San Quentin State Prison

Location: 1 Main St., San Quentin, Calif.
Significance: Site of George Jackson's murder

George Jackson was a member of both the Black Panther Party and a co-founder of the Black Guerilla Family during his long incarceration (most of his life was spent behind bars). In 1961, at the age of 19, Jackson was sentenced to a-year-to-life at San Quentin State Prison. His gang involvement, coupled with assaults on other prisoners and guards, was used to justify his prolonged confinement. After meeting W.L. Nolen in 1966, the two formed the Black Guerilla Family based on Marxist and Maoist teachings. It's rumored that after meeting Huey Newton in jail, Jackson joined the Panthers. On August 21, 1971, Jackson was shot and killed in San Quentin's yard during an alleged jail break attempt a mere three days before his trial for the alleged murder of guard John Mills at Soledad prison. Jackson's supporters believe that his death was a set-up, and some members of the Black Guerilla Family were angry at Newton, believing that he used his contacts in Soledad to delay Jackson's release so he wouldn't have a rival.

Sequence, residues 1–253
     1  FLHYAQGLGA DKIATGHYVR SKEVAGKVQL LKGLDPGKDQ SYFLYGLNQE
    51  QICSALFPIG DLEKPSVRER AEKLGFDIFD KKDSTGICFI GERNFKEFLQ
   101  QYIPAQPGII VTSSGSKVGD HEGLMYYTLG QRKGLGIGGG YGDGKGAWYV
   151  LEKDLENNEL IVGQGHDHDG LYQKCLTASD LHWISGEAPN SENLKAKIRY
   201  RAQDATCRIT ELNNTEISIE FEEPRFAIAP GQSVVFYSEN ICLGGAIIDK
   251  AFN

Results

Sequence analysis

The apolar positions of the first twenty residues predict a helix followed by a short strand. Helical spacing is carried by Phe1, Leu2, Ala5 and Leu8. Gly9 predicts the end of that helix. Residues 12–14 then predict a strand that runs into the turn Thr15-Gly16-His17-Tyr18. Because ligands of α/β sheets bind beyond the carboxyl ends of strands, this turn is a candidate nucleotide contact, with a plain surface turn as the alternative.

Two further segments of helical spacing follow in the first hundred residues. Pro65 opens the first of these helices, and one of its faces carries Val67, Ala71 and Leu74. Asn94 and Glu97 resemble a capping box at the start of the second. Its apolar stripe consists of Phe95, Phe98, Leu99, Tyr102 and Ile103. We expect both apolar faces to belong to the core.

San Quentin State Prison is California's oldest prison, and has the state's only death row for male inmates—the largest one in the United States, in fact. Today, it's largely overcrowded, holding rougly 5,000 prisoners, well past its stated capacity of 3,000. Notable former inmates include fellow Black Panther Eldridge Cleaver, actor Danny Trejo, and early Crip leader Stanley "Tookie" Williams.